At first, Ms. Hutchinson tried hard not to make assumptions about Mr. Trump.
At first, Ms. Hutchinson tried hard not to make assumptions about Mr. Trump.

A New Lawyer

A federal marshal went to Ms. Hutchinson's door early this year and gave her a subpoena to appear before the Jan. 6 committee. Since she was out of work and couldn't pay for a lawyer, she hired Stefan Passantino, a former ethics lawyer for the Trump White House. Ms. Hutchinson's lawyer, Mr. Passantino, was paid for by Mr. Trump's Save America PAC, just like the lawyers for some of the other witnesses who were called before the panel.

Mr. Passantino had many business relationships with people in Mr. Trump's circle. Reports from the Federal Election Commission show that Trump-related political action committees gave his legal compliance firm more than $1 million in the 2021-22 election cycle. In the previous election cycle, Marjorie Taylor Greene, a strong Trump supporter who was running for the House at the time, paid him more than $93,000 for his services.

Two people close to the situation say that Ms. Hutchinson's first deposition to the committee was on February 23. At that time, it was not clear to her that Mr. Passantino's interests as a Trump associate might be different from hers. What was clear were the things she said that morning and in two depositions to committee members after that. They were shocking and showed that she was close to power.

Parts of her first three depositions that have been made public show that Ms. Hutchinson said she heard Anthony M. Ornato, the deputy chief of staff at the White House, tell Mr. Meadows that intelligence reports predicted violence a few days before Jan. 6. She also said that by the end of November 2020, Republicans in the House were already pushing for Vice President Mike Pence to change the results of the election.

But Ms. Hutchinson was careful not to make any guesses about the president. At one point, she said, "I can't say if Mr. Trump — yeah, I'll leave it there."

Trump's critics have called Ms. Hutchinson a 21st-century John Dean, while Mr. Trump has called her a "total phony."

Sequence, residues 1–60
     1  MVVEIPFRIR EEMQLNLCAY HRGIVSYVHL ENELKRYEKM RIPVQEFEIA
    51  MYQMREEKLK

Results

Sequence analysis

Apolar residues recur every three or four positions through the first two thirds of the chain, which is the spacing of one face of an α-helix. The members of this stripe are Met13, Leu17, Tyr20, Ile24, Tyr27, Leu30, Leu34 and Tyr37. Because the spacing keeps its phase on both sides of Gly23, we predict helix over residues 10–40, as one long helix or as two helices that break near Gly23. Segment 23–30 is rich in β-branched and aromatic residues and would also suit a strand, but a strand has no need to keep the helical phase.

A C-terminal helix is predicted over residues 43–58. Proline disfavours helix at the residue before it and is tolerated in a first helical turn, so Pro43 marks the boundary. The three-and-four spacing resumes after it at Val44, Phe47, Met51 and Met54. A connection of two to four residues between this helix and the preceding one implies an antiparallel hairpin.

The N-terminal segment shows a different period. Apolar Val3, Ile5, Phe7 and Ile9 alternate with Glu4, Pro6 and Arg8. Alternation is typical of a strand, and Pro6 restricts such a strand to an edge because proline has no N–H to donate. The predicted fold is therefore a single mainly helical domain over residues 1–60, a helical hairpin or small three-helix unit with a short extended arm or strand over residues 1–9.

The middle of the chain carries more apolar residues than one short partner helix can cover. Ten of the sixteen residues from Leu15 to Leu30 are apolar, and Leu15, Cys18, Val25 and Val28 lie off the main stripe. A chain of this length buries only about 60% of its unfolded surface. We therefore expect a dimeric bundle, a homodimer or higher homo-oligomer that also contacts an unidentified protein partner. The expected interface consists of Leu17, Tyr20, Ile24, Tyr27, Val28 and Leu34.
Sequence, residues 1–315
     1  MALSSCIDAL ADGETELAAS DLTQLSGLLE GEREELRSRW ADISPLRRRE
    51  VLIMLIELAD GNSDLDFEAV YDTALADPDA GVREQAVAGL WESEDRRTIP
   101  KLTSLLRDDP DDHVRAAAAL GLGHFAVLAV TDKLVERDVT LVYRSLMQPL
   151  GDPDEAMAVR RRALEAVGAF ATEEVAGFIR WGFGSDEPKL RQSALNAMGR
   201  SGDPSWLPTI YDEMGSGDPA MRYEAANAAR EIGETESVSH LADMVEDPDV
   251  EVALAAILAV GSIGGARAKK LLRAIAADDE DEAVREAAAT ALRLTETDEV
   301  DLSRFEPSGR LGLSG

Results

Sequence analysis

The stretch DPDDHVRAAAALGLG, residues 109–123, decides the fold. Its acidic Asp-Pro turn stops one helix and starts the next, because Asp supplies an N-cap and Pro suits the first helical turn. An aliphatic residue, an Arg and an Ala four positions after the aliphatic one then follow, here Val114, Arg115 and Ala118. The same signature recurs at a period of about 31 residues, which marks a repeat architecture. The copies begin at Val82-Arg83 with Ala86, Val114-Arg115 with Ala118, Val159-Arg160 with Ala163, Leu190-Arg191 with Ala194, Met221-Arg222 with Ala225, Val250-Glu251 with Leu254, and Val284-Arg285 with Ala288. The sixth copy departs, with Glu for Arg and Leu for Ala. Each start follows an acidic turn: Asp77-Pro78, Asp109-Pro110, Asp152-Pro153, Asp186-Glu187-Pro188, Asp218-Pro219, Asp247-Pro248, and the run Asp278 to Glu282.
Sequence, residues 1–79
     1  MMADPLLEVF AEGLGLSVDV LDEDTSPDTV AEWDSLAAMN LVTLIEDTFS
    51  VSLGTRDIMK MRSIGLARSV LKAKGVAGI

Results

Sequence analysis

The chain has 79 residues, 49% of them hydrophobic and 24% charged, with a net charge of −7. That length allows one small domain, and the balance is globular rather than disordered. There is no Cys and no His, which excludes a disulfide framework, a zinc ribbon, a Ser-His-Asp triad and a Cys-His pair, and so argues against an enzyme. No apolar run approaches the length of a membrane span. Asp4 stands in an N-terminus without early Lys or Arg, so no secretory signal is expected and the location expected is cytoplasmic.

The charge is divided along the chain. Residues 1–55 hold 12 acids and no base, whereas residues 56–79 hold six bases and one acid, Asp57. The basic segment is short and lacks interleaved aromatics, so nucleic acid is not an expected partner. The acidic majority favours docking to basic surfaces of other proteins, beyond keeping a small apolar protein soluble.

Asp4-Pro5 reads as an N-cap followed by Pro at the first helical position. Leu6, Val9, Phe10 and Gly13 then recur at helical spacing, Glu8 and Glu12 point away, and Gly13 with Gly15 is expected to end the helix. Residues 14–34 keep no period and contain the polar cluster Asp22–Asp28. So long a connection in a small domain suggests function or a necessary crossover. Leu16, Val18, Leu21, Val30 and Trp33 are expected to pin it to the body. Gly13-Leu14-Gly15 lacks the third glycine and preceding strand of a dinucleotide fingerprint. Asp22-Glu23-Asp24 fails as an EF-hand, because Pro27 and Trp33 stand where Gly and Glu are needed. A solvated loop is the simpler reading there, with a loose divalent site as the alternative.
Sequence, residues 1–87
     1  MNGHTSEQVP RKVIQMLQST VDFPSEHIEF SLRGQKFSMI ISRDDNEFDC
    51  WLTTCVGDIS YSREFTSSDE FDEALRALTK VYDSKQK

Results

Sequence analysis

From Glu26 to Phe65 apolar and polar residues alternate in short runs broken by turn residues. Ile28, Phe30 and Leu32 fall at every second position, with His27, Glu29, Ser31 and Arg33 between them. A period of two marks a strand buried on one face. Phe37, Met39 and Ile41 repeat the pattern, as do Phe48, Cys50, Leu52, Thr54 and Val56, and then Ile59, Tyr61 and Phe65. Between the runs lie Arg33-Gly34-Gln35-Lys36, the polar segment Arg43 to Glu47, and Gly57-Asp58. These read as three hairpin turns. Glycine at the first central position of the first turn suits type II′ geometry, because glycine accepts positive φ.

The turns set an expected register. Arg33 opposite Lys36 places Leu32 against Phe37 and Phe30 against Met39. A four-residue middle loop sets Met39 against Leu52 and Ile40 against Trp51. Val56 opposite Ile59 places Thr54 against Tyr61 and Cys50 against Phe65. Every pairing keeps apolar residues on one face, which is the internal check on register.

Trump's critics have called Ms. Hutchinson a 21st-century John Dean, while Mr. Trump has called her a "total phony."

A friend said that over the next few months, Ms. Hutchinson became more interested in helping the committee's investigation, but she did not see the same interest in Mr. Passantino.

"She realized she couldn't call her lawyer to say, 'Hey, I have more information,'" said the friend, who asked to remain anonymous. "He was there to protect the big guy from the cold."

Mr. Passantino declined to comment.

Ms. Hutchinson then got in touch with Ms. Griffin, who had already been helping the committee. Ms. Griffin told former Republican congresswoman Barbara Comstock what Ms. Hutchinson was worried about. Ms. Comstock is a vocal critic of Mr. Trump. Ms. Comstock said in an interview that she could have seen Ms. Hutchinson's situation coming because she had once talked a young man out of joining the Trump administration. "I told her, 'You'll end up paying legal fees,'" Ms. Comstock remembered.

Ms. Comstock offered to start a fund to help pay for Ms. Hutchinson's legal defense so that she wouldn't have to rely on a lawyer who was paid for by Trump supporters. But this didn't work out. Jody Hunt, who was in charge of the civil division of the Justice Department under Trump's former attorney general and another pariah in Trump's world, Jeff Sessions, offered to represent her for free. Mr. Hunt went with Ms. Hutchinson to her fourth deposition at the end of June, when she felt more at ease talking about what Mr. Trump did on January 6. Everyone agreed that her public testimony needed to go faster.

Ms. Hutchinson now has to deal with two facts. One is that she will keep giving information to the Jan. 6 committee, with Mr. Hunt as her lawyer and Ms. Cheney as the person the committee has chosen to talk to her.

The other is that she doesn't know what her future will be like.

A former coworker in the White House legislative affairs office who is still friendly with Ms. Hutchinson said that from the moment she got her subpoena, her goal in working with the committee was to find the quickest way to put the whole thing behind her.

But, the friend said, she's just getting started.